Vermeer, for me, meets some of the criteria that Mr. Rangell mentions; transcendent and quiet warmth, like Bach. Bach brings me back to earth and reminds me of the beauty of listening and observing life through hearing. Also, the observing of the listening. I feel I become more human listening to Bach, which is weird for how can this guy tap into this or touch this type of mystery? … as Vermeer does with looking and seeing for me. Bach pulls me gently to listen to what life offers and thus simply become. Amazing. Bach unclutters the clutter, enlarges possibilities instead of narrowing them.

    One more: Thank you.

  • George Mathew

    Chris, Andrew and Bach — the ultimate 3-part Ricercar.

  • George Mathew

    When I was an undergraduate some 20 years ago, I read that Pablo Casals began every day by playing a prelude and fugue from the WTC. It was, according to Casals, ” a kind of benediction on the house.”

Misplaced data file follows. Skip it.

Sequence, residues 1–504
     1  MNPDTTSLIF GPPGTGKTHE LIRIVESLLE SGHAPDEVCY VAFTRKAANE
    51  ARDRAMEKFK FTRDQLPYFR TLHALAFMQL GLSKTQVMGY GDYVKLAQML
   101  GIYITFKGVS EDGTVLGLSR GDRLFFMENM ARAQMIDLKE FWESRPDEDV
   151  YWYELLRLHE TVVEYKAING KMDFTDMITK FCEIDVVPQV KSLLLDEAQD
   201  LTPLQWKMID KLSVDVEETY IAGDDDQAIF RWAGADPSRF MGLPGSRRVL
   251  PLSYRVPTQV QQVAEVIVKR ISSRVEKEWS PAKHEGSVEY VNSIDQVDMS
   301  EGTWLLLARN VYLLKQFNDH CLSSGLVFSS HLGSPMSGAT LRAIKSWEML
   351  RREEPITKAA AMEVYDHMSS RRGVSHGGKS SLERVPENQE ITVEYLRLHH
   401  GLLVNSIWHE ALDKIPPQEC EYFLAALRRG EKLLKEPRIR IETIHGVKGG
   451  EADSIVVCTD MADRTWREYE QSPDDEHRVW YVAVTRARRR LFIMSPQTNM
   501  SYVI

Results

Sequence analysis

I have since tried to open every day by playing a prelude and fugue from the WTC. It does throw a kind of sacred poise on the day that follows.

    In the last few days, I’ve noticed the same quality when one listens to this conversation. Thank you Chris and Andrew for making that kind of poise, serenity and “benediction” even if a secular, “non-Yale”, and decidedly 21st Century one.

  • Dear Chris Lydon,

    Thank you for your smorgasbord of culture. I have enjoyed your programs on NPR, where my radio stays, and these gifts you have given us give us hope that there is still an essence of grace and elegance in our culture. It is so encouraging to know that there are those, like you, who are the modern patrons of art, music and critical thinking. I’d wish you could be cloned and sent into every school system in the nation as a group of new teachers! I suppose if NPR was streamed into classrooms it might come close to that. When I was a Fine Arts major lo, those many years ago at William and Mary, even the working classes appreciated the finer things of life, and aspired to be able to promote them and enjoy them. That was the 50’s, and I have grieved over the coarsing and dumbing-down that has taken place since then. Thank you again for pushing so mightily on the other end of the cultural see-saw.